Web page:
Royal's comments about Quebec irritate Canadian prime minister

Has French presidential candidate Segolene Royal made another blunder in international affairs?

The Socialist candidate told reporters on Monday that she supported "sovereignty and liberty" for Quebec, prompting a rebuke from Canada's prime minister who said it was inappropriate for her to comment on Canada's internal affairs.

Royal, a former family and environment minister, is largely untested in diplomatic affairs, and some of her biggest missteps ahead of the April-May presidential race have come in that area. Critics complain that she often tailors her remarks to please whomever she is speaking with.

The candidate met for 15 minutes on Monday with Andre Boisclair, who heads Quebec's minority Parti Quebecois, which wants French-speaking Quebec to secede from Canada.

After the meeting, Quebecois reporters asked Royal about her affinities for Quebec.

She responded: "They are in line with the values that we share, the sovereignty and liberty of Quebec." Puzzled journalists tried to work out whether her comments were a statement of policy or just an error.

Hours later, Canadian Prime Minister Stephen Harper issued a statement criticizing Royal's remarks.

"Experience teaches that it is highly inappropriate for a foreign leader to interfere in the democratic affairs of another country," it said.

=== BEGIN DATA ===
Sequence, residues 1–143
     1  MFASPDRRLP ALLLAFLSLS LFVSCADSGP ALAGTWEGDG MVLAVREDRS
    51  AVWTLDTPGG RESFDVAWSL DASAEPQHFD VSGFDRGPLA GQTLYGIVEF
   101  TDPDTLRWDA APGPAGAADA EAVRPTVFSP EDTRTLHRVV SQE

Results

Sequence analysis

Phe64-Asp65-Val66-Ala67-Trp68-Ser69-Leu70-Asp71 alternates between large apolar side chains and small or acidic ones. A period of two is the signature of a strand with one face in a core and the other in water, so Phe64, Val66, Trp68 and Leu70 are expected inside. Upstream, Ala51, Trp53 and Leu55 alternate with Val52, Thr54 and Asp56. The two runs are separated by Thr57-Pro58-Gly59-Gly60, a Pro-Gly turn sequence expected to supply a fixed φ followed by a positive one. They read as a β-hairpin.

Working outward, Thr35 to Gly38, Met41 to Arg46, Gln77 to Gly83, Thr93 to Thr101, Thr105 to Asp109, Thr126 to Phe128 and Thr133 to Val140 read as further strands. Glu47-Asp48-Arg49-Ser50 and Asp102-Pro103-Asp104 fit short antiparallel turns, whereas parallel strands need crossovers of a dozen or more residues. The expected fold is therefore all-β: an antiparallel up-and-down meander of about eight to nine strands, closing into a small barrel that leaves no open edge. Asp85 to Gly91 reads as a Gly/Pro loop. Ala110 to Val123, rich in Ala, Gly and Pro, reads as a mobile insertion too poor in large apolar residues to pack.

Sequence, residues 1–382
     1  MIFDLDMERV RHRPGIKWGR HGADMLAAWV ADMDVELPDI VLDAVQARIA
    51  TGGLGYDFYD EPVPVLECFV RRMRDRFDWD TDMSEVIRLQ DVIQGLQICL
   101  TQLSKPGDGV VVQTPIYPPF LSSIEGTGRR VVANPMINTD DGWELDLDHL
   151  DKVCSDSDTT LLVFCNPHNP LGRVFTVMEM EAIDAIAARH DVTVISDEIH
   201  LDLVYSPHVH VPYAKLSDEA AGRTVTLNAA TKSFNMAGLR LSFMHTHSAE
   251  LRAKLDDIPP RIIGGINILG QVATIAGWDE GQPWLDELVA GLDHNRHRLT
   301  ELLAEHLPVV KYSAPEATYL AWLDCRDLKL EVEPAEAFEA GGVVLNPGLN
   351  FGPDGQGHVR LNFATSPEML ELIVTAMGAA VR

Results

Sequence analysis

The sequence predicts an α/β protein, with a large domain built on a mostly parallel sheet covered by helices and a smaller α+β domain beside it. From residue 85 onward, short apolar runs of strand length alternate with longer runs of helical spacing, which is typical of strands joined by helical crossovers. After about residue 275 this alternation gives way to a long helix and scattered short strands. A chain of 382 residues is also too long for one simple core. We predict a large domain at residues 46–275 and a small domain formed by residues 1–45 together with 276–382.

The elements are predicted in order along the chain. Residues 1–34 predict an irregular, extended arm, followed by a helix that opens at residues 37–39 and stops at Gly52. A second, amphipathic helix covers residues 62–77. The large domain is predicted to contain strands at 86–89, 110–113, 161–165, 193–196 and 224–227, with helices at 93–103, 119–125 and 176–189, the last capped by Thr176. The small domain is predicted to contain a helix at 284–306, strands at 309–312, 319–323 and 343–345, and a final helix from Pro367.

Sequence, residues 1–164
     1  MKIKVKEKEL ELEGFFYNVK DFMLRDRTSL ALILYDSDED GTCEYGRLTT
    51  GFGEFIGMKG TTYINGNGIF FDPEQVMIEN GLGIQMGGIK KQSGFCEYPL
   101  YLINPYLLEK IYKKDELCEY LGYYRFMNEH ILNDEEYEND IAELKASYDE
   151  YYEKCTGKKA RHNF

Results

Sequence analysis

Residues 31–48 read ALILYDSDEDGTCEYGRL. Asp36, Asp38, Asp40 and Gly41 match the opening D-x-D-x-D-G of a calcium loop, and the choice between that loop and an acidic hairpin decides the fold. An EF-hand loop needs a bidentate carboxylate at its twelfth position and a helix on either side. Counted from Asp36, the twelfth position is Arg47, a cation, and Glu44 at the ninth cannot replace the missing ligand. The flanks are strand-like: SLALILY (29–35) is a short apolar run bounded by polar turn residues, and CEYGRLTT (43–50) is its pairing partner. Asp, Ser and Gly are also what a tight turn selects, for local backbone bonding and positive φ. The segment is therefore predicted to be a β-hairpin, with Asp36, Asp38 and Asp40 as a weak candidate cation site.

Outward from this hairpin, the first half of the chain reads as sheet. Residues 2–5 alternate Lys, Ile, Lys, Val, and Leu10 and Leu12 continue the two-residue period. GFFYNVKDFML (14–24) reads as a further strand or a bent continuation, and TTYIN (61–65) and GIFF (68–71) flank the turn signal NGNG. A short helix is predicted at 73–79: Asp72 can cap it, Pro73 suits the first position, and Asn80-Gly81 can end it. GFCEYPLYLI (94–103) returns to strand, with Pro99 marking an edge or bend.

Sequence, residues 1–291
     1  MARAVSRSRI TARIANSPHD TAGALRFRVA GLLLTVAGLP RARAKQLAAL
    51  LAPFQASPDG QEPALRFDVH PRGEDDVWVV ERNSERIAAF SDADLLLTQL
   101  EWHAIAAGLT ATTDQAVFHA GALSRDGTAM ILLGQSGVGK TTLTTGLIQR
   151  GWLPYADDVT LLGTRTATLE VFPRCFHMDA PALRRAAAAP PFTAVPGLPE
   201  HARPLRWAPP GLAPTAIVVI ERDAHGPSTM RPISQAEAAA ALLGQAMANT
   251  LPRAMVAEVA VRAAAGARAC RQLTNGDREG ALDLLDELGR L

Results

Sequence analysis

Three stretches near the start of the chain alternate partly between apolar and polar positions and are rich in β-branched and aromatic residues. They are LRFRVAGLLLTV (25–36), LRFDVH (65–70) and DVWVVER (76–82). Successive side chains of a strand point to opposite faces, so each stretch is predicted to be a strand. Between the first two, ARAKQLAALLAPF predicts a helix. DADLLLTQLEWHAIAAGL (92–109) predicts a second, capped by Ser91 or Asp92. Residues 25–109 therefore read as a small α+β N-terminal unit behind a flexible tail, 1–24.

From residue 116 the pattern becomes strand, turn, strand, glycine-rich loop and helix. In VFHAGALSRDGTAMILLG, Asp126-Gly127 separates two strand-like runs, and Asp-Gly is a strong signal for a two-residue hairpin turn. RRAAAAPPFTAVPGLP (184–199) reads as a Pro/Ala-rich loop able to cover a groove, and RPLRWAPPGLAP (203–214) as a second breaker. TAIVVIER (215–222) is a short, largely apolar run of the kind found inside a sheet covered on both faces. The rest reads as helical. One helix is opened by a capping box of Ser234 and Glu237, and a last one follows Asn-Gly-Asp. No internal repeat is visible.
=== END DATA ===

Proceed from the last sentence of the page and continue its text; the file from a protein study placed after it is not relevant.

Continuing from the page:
Critics say Royal has made major foreign policy gaffes during trips to the Middle East and China. During a visit to Lebanon in December, Royal faced criticism for not responding when a Hezbollah lawmaker compared Israel's former occupation of Lebanon to that of the Nazis in France during World War II. Royal said she did not hear the remark, reports AP.

During a visit to China this month, Royal said the French justice system could learn lessons from China. She said she had met with a Chinese lawyer who had told her his country's justice system was sometimes faster than France's.

"Before giving lessons to other countries, we should always look at the elements of comparison," she said. Critics pounced on her for praising a justice system criticized for human rights abuses and its frequent use of the death penalty.

Royal's main likely competitor in the presidency is conservative Interior Minister Nicolas Sarkozy. They are vying to replace President Jacques Chirac, who has been in office 12 years.

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